Chapter 1: Investment vs Speculation
On chapter 1 of the Intelligent Investor, the author Benjamin Graham has focused on his readers to set forth the differentiation between Investment and speculations. There might still be confusion on the basics of investing, and this chapter lays the foundation for the rest of the book.
Benjamin Graham discusses the idea of value investing and stresses the significance of a methodical and disciplined approach to investing. Investing should be seen as a means of achieving long-term financial security rather than as a sort of speculation or gambling.
I also wrote an article on: Things You Need To Know About Investment And Speculation
What is an Investment
Investment is defined as a purchase made with an intention of creating income or capital growth. An asset’s value increasing over time is referred to as appreciation.
The author, Benjamin Graham in his book The Intelligent Investor defines investment as follows: An investment is an operation is one which, upon thorough analysis promises safety of principal and an adequate return.
As per the author, anything not meeting the above mentioned requirements are mere speculations.
What is Speculation
The act of engaging in a financial transaction that carries a large risk of value loss but also carries the hope of a sizable gain or other significant value is known as speculation. With speculation, the chance of a sizable gain or other form of compensation more than offsets the risk of loss.
Speculation noting but taking bets on a conditions based on mere intuitions or tips from peers. Speculations is gambling on an output without backing the bet with any research, analysis and risk mitigation.
The author used this chapter to differentiate a real investor from the rest of the crowd. The author wants to prevent its readers from using the term investor to anybody and everybody in the stock market.
During the Great Depression (1929 to 1932) many financial institutions had labelled stock market investing as a speculation business and only Bonds were considered as an investment.
Conditions When Speculation Becomes Un-Intelligent
Speculation is neither illegal nor immoral. As there is intelligent investment, there could be intelligent speculation. But the mistake arises when people treat their speculation as investment. Speculations are addictive and fun, especially for a full time trader who always sits in front of the computer charts.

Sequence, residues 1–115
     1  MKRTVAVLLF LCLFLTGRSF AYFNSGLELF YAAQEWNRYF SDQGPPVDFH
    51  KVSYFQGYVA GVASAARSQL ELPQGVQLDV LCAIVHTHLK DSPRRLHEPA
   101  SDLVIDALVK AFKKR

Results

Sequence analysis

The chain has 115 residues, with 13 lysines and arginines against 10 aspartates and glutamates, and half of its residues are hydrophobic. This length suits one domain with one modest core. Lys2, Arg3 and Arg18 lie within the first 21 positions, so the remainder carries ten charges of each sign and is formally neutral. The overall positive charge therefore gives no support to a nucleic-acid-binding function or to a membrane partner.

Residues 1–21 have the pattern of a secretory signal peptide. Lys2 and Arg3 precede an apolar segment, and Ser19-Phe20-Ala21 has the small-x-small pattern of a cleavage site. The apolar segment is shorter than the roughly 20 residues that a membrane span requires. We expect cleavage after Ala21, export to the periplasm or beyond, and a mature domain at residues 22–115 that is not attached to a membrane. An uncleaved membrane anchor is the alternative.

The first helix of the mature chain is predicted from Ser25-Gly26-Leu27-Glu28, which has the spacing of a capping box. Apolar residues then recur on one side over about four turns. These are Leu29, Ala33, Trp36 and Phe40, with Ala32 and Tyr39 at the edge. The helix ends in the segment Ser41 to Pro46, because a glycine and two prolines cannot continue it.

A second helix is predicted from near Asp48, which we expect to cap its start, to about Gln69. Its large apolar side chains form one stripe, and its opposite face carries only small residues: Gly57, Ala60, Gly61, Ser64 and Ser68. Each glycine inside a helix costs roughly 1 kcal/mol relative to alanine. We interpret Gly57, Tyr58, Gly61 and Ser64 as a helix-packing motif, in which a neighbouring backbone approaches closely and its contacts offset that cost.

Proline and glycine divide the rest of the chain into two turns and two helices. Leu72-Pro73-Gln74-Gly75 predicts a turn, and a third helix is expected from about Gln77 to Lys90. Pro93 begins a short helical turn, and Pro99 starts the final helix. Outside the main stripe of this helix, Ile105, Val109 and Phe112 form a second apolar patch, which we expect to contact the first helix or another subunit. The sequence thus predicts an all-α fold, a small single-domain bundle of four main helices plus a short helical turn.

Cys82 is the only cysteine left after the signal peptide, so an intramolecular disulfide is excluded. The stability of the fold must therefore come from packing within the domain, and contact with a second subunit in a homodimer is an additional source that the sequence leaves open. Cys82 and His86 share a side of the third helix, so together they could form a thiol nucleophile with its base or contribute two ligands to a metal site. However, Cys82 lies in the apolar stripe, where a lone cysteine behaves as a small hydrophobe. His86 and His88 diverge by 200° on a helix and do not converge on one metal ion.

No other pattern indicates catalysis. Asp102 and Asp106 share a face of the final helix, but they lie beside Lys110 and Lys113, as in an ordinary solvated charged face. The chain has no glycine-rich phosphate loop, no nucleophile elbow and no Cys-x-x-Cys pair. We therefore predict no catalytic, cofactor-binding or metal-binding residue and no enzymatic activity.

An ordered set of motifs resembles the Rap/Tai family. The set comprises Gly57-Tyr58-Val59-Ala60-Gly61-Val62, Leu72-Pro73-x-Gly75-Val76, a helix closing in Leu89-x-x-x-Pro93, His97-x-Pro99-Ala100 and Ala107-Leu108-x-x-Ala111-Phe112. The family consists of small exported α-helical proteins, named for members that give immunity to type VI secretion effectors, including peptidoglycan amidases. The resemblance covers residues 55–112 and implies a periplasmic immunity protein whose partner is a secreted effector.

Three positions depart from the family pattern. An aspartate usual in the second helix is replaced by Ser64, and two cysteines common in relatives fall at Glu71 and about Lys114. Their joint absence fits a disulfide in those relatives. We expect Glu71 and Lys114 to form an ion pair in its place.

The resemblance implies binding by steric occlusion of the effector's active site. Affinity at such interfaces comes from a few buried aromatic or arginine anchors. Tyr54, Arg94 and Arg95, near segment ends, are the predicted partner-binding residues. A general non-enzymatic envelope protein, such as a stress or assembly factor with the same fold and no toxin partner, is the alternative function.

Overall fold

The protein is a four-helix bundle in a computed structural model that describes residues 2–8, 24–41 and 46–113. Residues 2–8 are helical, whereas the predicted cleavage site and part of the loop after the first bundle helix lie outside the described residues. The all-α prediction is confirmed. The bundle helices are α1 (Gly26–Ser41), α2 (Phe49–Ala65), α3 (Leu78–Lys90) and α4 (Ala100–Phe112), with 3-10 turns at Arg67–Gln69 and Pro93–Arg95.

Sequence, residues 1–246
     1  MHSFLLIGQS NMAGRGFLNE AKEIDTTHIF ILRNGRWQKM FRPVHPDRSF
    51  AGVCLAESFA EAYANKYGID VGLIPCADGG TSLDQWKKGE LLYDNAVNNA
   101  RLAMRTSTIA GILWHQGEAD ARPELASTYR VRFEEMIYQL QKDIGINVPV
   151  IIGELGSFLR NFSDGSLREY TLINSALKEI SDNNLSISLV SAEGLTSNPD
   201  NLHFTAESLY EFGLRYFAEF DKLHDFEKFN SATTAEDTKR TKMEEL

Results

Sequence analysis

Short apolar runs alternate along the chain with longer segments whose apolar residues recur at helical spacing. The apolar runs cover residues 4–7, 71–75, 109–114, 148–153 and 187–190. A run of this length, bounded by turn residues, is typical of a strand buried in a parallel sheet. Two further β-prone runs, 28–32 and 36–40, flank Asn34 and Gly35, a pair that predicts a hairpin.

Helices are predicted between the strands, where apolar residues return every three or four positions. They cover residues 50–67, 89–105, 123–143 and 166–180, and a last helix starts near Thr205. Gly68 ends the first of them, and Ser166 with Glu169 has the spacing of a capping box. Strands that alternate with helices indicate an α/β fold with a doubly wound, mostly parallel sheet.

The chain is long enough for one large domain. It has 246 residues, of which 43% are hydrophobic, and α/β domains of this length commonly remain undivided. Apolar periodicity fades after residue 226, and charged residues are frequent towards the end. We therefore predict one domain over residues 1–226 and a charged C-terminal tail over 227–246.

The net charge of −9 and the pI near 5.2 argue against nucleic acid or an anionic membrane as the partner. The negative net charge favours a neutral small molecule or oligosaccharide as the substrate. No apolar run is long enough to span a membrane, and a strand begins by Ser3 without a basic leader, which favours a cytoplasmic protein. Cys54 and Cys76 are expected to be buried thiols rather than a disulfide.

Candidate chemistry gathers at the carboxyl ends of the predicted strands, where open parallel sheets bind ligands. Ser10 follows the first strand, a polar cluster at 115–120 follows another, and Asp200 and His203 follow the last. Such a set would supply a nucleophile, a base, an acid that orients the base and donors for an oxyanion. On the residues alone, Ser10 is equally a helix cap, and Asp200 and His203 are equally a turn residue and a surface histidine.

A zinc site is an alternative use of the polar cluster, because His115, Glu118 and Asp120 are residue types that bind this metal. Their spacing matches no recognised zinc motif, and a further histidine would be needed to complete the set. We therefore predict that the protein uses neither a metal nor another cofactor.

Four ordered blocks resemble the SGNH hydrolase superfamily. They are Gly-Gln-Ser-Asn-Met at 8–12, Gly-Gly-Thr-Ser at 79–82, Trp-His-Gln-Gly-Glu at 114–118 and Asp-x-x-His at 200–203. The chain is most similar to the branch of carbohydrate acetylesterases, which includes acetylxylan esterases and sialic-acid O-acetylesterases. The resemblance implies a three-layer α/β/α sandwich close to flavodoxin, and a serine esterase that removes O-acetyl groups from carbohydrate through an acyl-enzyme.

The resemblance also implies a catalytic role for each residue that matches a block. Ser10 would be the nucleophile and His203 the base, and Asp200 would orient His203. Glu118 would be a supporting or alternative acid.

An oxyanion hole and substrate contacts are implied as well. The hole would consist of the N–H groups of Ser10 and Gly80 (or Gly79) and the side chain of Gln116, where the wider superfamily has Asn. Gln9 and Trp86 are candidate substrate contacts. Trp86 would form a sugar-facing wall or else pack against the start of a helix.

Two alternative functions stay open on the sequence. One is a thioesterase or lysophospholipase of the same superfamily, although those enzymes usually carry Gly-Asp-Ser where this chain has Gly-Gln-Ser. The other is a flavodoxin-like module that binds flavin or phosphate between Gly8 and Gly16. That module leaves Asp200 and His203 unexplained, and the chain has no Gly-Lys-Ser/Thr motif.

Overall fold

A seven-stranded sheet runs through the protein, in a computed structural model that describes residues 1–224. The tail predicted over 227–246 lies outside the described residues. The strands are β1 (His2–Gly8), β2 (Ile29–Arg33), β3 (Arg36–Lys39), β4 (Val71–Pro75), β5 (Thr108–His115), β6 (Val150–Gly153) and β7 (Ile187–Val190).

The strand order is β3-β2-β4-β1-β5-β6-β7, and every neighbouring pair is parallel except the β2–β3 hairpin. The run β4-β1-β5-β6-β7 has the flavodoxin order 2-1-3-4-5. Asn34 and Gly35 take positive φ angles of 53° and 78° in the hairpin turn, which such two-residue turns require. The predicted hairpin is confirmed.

Here are three conditions when speculation becomes unintelligent:
- Speculating when you think you are investing
- Speculating seriously instead of a pass time
- Risking more money in speculation than you can afford to lose
If you want to try your luck on speculation, put aside a portion of your money (the smaller the better) just for speculating in the market. It is advised to never add more money into this fund just because the markets are in your favour of your bets and the profits are rolling in. Also, never mingle your speculations and investment in your same account.
When investors tend to invest in a stock, considering its fundaments, there could still be instances when the market participants are speculating on the stock at the prices favourable to you.
An investor needs to not only stay away from speculation, but also identify these speculative behaviours in his own portfolio to avoid falling prey for the herd mentality. An investor needs to be financially and psychologically prepared for adverse effects.
Speculations are necessary, as it creates liquidity in the market. Due to the effect of speculations, the prices of the stock are either available at a discount or are traded at a premium. Thus, allowing the investor to enter and exit a stock in the long term.
Author believes that people who take bets on hot stocks by leveraging their positions are nothing but speculators.
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A portfolio of an investor is subject to the period of investment and his risk taking ability. Author believes that, ideally Bonds investment should not be less than 25% or more than 75%. An investor with a lower risk appetite can go for 75% investment in Bonds. And the rest of the investment in Equity.
- Bonds provide lower rates or return, but the returns are definite and does not severely get impact by the performance of the stock markets.
- Equity investment are higher in risk, but also yield higher returns when invested correctly.
Timing the Market for Portfolio Diversification
The Author, Benjamin Graham explains this topic with an example:
During 1965 the Bonds gave return of 3-4%, and during the same time the stocks provided an dividend income of about 3%, in line with the capital appreciation of the stock. It is evident that, during this era, investing in stock would be considered more preferable.
During the period of 1970s the interest rates started rising and so the interest yield on Bonds. The bonds started providing a return of 7-8% against the equity investments, that could be uncertain. Thus, this era was more preferable for investing in Bonds.
According to Graham, investing should be seen as a strategy for achieving long-term financial security rather than as a sort of gambling. In contrast to short-term market volatility, the author advises investors to approach the stock market with care, patience, and an eye towards long-term value.
Graham also emphasises the need to diversify one’s portfolio to reduce risk and the significance of undertaking in-depth study and analysis of potential investments.
He also advises against making investments in businesses purely based on their track record or current market conditions, emphasising the significance of paying close attention to a business’s foundations and financials.